Whether you are an economist, an energy financier, a multilateral organisation or an investment professional, the 2016 RE Investment Africa Summit is not one to miss.
Energy is at the heart of the society, the economy and the politics of all countries and the globe at large. Renewable energy is expected to supply half of Africa’s new power generation by 2040, according to an October International Energy Agency report.
The potential for renewable energy development in Africa is experiencing an increase in attention lately as investors and world leaders seek a new clean energy frontier.
The main drivers for powering African investments in energy and power utilities have no doubt been the Public Private Partnerships (PPPs). PPPs and infrastructure development are critical.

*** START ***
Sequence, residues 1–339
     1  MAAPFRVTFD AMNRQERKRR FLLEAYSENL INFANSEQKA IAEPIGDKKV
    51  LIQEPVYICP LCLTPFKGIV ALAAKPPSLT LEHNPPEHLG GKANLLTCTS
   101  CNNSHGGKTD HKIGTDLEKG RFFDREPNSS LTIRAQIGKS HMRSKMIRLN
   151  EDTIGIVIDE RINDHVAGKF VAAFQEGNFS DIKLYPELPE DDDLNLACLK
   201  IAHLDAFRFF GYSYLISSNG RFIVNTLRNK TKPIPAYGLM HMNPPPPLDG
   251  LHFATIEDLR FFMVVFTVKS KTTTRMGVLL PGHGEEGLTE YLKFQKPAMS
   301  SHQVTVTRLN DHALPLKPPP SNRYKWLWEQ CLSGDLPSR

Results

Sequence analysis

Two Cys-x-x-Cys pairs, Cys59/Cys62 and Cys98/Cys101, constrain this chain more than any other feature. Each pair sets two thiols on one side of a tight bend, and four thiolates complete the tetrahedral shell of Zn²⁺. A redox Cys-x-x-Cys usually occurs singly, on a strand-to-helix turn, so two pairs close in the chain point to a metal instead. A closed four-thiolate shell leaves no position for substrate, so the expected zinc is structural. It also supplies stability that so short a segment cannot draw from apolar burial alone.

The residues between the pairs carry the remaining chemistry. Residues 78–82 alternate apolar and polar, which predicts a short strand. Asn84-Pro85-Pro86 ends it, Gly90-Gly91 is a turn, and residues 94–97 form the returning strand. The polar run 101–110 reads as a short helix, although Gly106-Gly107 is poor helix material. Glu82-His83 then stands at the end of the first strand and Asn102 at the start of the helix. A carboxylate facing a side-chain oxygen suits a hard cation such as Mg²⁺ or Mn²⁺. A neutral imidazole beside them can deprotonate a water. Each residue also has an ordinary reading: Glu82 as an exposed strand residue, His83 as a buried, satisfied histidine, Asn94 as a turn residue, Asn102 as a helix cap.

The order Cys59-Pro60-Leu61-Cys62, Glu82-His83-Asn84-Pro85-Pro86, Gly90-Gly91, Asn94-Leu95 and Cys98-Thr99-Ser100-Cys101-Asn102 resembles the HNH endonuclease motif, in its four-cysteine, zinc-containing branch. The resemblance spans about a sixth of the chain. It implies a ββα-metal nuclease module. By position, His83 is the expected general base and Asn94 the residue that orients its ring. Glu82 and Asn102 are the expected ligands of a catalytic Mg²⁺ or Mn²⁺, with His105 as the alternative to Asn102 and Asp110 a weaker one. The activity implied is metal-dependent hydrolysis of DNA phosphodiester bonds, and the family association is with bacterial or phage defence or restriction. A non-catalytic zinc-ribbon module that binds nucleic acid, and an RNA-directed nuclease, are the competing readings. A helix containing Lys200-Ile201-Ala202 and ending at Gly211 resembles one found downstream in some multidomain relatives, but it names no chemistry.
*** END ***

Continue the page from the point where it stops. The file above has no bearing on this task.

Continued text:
The continent could become a gold mine for renewable energy due to abundant solar and wind resources, but roadblocks to clean energy are widespread throughout the troubled regions of Africa – financial resources are thin and infrastructure is often unreliable.
Growing concerns regarding the use of conventional energy sources, coupled with the depletion of coal reserves, have brought about several investment opportunities in clean power.
Billions of investments have been made into the RE sector globally, and particularly in Africa. In South Africa, for example, total investment in wind and solar renewable energy plants is R82bn, with the banking sector, insurance companies, pension funds and international investors being the major funders.
The roll-out of renewable energy projects has heightened the importance of energy finance. Moreover, Public Private Partnerships (PPPs) have become central in delivering energy infrastructure projects in Africa.